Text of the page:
As with previous annual editions of Dice’s Tech Salary Report, both well-established tech hubs such as Seattle and Silicon Valley and up-and-coming cities such as Austin and Atlanta enjoyed significant technologist salary growth over the past year.
When the pandemic began, some pundits and analysts believed that traditional hubs such as Silicon Valley could fade into irrelevance as technologists embraced remote work and moved to places with a cheaper cost of living. However, such predictions failed to take into effect all the factors that continue to make sizable tech hubs attractive, such as easy access to universities and venture funding, a well-established social scene and an existing base of companies seeking talent.
Find out which industries and tech hubs are paying top dollar for tech talent in Dice’s latest Tech Salary Report.
In addition, on the salary side, the more embedded companies based in these locations can almost always afford to pay more than smaller competitors. Between 2020-21, salaries increased significantly in Seattle (up 11.2%) and Silicon Valley (5.0%), and slightly in New York City (1.1%) and Boston (3.5%), suggesting continued demand in these established hubs. Large tech companies like Google have committed to snatching up billions of dollars in office space in some of these locations, and they need the talent to fill it.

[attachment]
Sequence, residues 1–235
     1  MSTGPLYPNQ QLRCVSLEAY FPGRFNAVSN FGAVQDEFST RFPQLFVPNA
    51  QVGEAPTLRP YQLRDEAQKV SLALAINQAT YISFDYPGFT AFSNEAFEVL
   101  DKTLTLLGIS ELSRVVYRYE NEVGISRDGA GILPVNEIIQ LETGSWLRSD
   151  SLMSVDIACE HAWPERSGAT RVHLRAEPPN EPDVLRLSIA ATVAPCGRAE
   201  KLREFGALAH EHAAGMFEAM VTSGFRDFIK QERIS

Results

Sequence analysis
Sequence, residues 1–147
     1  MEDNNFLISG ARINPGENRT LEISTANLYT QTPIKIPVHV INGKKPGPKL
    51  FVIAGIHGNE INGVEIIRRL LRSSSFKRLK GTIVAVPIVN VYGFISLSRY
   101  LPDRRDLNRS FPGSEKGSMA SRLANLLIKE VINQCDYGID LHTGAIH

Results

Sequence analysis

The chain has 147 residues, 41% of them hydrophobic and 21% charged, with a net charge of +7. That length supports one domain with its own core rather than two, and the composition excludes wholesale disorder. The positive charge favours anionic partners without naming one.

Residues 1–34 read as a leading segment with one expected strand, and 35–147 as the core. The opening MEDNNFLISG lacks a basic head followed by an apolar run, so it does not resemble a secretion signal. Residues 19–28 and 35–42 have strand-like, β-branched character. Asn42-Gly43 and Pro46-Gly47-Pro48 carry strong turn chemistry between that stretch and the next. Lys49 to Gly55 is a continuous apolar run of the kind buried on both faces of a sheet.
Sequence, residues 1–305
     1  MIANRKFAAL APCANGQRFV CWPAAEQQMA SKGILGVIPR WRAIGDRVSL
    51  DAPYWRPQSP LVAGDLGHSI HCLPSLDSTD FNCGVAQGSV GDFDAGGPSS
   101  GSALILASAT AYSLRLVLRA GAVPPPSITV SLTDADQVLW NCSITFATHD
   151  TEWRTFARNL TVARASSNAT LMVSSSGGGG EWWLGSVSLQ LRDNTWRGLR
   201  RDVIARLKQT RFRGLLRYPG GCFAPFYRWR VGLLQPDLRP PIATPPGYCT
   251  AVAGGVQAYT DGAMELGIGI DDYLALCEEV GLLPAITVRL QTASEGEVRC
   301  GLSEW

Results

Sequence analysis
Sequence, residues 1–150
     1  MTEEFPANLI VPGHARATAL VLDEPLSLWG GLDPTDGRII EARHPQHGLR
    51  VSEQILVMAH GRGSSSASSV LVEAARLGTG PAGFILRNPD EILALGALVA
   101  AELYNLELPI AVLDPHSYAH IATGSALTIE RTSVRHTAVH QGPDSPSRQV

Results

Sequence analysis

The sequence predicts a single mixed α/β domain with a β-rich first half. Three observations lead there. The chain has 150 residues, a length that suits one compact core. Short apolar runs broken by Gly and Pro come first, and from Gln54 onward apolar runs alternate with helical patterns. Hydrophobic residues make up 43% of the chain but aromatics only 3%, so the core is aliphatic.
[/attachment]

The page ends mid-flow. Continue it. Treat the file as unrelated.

Among up-and-coming tech hubs, technologists in Atlanta enjoyed significant salary increases (13.9% year-over-year), as did those in Miami (11.4%), Philadelphia (10.6%) and Detroit (10.3%). Tech demand and higher tech salaries don’t emerge in a vacuum; all of these smaller hubs have well-established business and academic communities, driving a need for technologists with all kinds of skill sets. With tech unemployment notably low across the nation, organizations everywhere are willing to pay more for talent with the right combination of skills and experience.
As the report goes on to show, it’s a similar situation with states. Despite widespread predictions that the pandemic would kick off a mass migration, California (6.3%), New York (1.3%) and Washington (12.2%) continued to see salary increases indicative of strong local demand. Georgia, home of rapidly-growing tech center Atlanta, saw salaries increase 12.1% year-over-year. And keep an eye on Texas (5.1%), which is doing its best to attract California companies and technologists with a combination of low taxes and reasonable cost of living; over the past several quarters, tech giants such as Oracle and Tesla have set up new headquarters in the state.